Heat Treatment to Decontaminate Poultry Houses


Dr. E. R. Benson of the University of Delaware conducted a study on decontamination of poultry houses using heat. The project #F073 was funded by the USPOULTRY Foundation with a grant from Peco Foods. A Salmonella serotype and LaSota strain of Newcastle disease were used as indicator organisms. Heat treatment was applied for at least three continuous days at temperatures ranging from 100 to 120 F.

The study demonstrated that to be effective, heat treatment should be applied to houses only after removal of carcasses and litter since it was not possible to consistently attain temperatures which inactivated Newcastle disease virus in the presence of four inches of litter.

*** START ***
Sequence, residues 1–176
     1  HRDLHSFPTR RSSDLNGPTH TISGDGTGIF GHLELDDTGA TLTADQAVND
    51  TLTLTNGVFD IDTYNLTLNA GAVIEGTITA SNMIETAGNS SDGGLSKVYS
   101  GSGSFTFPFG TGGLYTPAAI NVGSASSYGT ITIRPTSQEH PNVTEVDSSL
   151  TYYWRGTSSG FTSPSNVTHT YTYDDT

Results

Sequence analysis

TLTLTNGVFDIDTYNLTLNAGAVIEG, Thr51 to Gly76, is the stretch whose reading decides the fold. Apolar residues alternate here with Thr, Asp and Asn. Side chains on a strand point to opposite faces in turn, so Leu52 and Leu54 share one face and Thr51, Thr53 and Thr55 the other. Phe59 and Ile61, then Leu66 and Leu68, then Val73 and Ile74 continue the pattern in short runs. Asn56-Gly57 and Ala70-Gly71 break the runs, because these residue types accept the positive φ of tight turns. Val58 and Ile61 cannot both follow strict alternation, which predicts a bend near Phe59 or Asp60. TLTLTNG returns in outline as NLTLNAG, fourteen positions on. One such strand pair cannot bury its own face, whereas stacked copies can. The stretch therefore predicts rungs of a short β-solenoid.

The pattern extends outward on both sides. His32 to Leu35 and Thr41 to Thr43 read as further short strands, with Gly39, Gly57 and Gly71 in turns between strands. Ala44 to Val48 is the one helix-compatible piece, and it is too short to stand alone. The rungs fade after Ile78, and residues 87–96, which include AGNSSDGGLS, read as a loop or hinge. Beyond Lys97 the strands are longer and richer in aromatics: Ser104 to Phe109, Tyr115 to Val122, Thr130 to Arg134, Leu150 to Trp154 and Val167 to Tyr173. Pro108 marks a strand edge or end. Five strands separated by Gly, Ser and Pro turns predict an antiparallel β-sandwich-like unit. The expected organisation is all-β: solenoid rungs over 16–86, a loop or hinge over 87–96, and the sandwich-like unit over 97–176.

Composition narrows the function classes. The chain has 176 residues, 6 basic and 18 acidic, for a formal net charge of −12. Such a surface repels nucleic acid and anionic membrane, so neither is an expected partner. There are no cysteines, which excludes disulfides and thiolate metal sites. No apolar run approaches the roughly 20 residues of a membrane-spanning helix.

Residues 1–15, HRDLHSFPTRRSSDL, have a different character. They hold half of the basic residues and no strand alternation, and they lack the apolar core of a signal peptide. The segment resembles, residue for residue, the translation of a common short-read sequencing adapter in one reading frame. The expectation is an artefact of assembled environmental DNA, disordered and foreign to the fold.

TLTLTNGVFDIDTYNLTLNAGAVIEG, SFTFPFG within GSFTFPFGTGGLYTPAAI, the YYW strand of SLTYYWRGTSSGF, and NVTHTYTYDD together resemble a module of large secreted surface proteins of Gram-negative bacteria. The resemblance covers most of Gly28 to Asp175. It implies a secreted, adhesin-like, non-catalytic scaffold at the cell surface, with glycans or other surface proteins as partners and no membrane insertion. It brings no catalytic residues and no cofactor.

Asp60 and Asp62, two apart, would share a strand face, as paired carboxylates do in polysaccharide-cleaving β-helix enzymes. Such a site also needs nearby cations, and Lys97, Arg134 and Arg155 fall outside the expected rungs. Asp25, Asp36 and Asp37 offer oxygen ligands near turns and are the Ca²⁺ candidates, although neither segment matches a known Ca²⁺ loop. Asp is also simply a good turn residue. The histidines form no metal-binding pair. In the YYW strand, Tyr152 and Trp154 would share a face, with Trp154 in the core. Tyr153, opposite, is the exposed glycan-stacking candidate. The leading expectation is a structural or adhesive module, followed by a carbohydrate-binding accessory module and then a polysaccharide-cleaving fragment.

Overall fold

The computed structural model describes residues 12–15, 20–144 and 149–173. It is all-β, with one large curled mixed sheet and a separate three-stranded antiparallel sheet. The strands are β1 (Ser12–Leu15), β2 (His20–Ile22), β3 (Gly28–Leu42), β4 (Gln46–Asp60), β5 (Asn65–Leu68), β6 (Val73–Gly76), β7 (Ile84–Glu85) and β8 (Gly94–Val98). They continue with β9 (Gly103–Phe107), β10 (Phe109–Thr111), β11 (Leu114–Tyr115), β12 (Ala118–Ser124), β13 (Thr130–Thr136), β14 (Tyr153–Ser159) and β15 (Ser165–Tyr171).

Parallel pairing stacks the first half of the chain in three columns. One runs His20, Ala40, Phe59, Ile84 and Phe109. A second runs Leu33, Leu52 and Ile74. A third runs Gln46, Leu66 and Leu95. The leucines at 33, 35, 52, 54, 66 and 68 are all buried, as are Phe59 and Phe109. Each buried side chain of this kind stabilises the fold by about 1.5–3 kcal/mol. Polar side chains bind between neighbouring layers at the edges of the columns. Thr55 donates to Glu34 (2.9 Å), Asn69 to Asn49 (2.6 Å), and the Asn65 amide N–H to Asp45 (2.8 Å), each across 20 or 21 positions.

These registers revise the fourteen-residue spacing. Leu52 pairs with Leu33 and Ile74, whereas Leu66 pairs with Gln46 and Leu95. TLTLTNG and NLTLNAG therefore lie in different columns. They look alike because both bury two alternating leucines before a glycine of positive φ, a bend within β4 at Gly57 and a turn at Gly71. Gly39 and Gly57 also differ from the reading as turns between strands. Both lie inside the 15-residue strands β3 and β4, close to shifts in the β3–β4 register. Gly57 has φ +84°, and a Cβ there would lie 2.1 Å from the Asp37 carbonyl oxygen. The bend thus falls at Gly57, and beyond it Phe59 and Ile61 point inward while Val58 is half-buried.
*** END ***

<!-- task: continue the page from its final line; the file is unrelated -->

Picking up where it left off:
Maintaining the required temperature for at least three continuous days during winter may represent a problem in other than well-insulated and sealed buildings. Given that both Newcastle disease and avian influenza are more prevalent during winter months, to be effective, heat treatment will require considerable energy input even in sealed houses under optimal conditions. 

To evaluate the effectiveness of heat treatment following depopulation of an infected flock, appropriate sampling and laboratory assay will be required to confirm that pathogens have been inactivated before re-stocking.